Holy sands of time! It’s Batman Day, DC Entertainment’s official celebration of the Dark Knight’s birthday, and as the internet blows up with tributes to the co-holder of the title for world’s most well-known superhero, Batman v. Superman director Zack Snyder has given the world its first glimpse at his version of two of Batdom’s most iconic elements. We’ll cut to the chase: Snyder tweeted out set photos from his upcoming Justice League showing off the new version of the Bat-signal, and in the process snuck in a glimpse of J.K. Simmons as Commissioner Gordon. Check it out below.
I’m into this very traditional take on Gordon – the trench coat and fedora look straight out of the 1940s, though not quite as deliberately anachronistic as Tim Burton’s take in 1989’s Batman. Of course, we’ll have to wait for a closer look to see if Simmons’ mustache measures up to the high standard set by previous Commissioners Pat Hingle and Gary Oldman.
Snyder also tweeted out a color photo of the Bat-signal as well, if you’re interested.
2016 not only marks the 77th anniversary of the publication of Detective Comics #27 – the first-ever appearance of Batman – it’s also a major milestone in its own right, as it’s the first full year writer Bill Finger, who co-created Batman with Bob Kane, has been given official credit in all DC-related properties. Finger was responsible for the lion’s share of what is now considered essential to the character. Among his creations and co-creations are The Joker, The Penguin, Two-Face, Clay-Face, The Riddler, The Calendar Man. He also contributed on the heroic side, coming up with the iconic bat cape and cowl (Kane apparently had designed a red costume), Batman’s detective skills, the name Bruce Wayne, the setting of Gotham City, Dick Grayson’s background as a circus performer, and the name Robin.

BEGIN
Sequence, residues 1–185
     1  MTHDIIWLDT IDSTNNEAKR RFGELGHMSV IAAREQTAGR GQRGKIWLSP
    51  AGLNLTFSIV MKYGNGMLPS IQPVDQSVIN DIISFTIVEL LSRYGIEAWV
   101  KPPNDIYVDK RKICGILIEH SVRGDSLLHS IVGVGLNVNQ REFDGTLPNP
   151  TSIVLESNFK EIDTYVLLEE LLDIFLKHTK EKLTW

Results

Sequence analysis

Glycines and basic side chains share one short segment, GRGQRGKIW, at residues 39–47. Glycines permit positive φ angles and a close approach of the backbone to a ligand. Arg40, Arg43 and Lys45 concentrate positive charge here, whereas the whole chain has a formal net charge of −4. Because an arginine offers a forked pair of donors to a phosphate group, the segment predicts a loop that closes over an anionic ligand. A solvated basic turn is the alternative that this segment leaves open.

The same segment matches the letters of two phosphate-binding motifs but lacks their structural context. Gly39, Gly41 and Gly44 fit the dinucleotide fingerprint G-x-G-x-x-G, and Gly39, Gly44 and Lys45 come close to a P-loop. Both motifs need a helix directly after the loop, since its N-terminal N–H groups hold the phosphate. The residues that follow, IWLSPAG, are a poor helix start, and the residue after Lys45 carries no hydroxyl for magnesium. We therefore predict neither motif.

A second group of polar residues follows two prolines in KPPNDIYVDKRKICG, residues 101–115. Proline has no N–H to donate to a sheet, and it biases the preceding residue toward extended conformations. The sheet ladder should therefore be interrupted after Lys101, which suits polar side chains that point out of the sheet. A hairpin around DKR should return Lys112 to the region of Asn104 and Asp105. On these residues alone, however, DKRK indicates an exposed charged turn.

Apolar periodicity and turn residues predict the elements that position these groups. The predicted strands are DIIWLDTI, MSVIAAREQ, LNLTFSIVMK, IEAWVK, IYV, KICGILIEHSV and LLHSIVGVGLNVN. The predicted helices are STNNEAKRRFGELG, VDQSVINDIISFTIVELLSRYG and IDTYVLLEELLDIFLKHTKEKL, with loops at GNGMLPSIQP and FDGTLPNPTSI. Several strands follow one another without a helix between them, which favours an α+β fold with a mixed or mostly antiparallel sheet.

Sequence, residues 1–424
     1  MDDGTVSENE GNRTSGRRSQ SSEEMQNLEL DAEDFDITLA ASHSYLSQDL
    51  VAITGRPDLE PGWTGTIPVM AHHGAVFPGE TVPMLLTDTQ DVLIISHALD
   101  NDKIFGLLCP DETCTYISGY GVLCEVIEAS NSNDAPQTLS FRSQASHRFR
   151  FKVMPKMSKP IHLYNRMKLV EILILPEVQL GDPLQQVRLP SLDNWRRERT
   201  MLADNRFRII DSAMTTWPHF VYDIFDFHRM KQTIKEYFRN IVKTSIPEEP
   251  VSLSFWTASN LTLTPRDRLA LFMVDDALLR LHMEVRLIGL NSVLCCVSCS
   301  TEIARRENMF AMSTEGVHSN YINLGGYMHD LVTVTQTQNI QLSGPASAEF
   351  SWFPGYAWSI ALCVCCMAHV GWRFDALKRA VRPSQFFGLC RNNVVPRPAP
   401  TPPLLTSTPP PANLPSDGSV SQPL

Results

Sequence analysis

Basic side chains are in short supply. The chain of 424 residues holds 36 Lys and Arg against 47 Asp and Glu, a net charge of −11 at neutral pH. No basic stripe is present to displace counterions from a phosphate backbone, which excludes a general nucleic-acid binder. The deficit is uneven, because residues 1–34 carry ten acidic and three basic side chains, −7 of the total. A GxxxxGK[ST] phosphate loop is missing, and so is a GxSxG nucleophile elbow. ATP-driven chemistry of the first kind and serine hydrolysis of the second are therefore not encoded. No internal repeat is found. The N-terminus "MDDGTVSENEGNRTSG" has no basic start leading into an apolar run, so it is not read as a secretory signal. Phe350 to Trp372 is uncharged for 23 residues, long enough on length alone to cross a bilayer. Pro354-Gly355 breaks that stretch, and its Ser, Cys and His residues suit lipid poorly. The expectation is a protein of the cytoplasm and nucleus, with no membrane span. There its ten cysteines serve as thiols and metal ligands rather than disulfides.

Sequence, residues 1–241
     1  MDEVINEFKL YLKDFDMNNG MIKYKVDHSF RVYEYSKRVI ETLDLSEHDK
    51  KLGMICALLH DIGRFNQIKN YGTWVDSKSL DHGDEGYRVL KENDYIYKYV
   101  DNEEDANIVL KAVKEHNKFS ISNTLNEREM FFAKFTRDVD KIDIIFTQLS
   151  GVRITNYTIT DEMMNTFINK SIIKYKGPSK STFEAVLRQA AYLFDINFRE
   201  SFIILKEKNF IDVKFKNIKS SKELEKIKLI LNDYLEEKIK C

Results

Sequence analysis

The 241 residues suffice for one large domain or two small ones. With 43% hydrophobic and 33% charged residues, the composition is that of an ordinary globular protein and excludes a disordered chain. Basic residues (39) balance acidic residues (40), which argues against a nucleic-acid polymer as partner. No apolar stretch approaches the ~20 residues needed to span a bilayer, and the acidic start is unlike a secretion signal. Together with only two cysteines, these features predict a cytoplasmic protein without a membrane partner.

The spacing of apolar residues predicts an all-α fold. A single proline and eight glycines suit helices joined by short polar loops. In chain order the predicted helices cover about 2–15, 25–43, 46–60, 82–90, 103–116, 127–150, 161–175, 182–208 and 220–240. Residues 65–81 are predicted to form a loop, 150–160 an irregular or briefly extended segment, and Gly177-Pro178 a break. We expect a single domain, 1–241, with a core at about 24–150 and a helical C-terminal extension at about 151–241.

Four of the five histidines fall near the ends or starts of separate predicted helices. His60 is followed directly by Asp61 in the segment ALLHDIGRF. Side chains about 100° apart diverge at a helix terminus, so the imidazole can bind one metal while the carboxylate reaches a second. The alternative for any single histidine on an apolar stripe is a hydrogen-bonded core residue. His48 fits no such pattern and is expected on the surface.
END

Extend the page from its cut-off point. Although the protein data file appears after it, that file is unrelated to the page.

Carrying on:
Oh, and he also invented Commissioner Gordon and the Bat-signal.
Despite all that, Kane, a much savvier (and shadier) businessman than any of his collaborators, secured himself sole credit for inventing the Caped Crusader. Finger, meanwhile, labored in relative obscurity, unappreciated and poorly treated by DC Comic (who fired him in the 60s along with several other creatives for – gasp – requesting health benefits). He died in 1974 without ever having been credited for his contributions to one of DC’s biggest cash cows.
That injustice remained uncorrected until 2014, when criticism – helped along by Marc Tyler Nobleman’s 2012 nonfiction book Bill the Boy Wonder: The Secret Co-Creator of Batman, which brought Finger back into the spotlight – reached a fever pitch. Last year, DC and Warner Bros finally announced that beginning with Batman v Superman, Finger would be listed as co-creator on all Bat-related works, with his first official credit coming just after Batman Day 2015 in the October issue of Batman.
Incidentally, Warner Bros also paid tribute today to the world’s greatest detective with an election-themed tweet.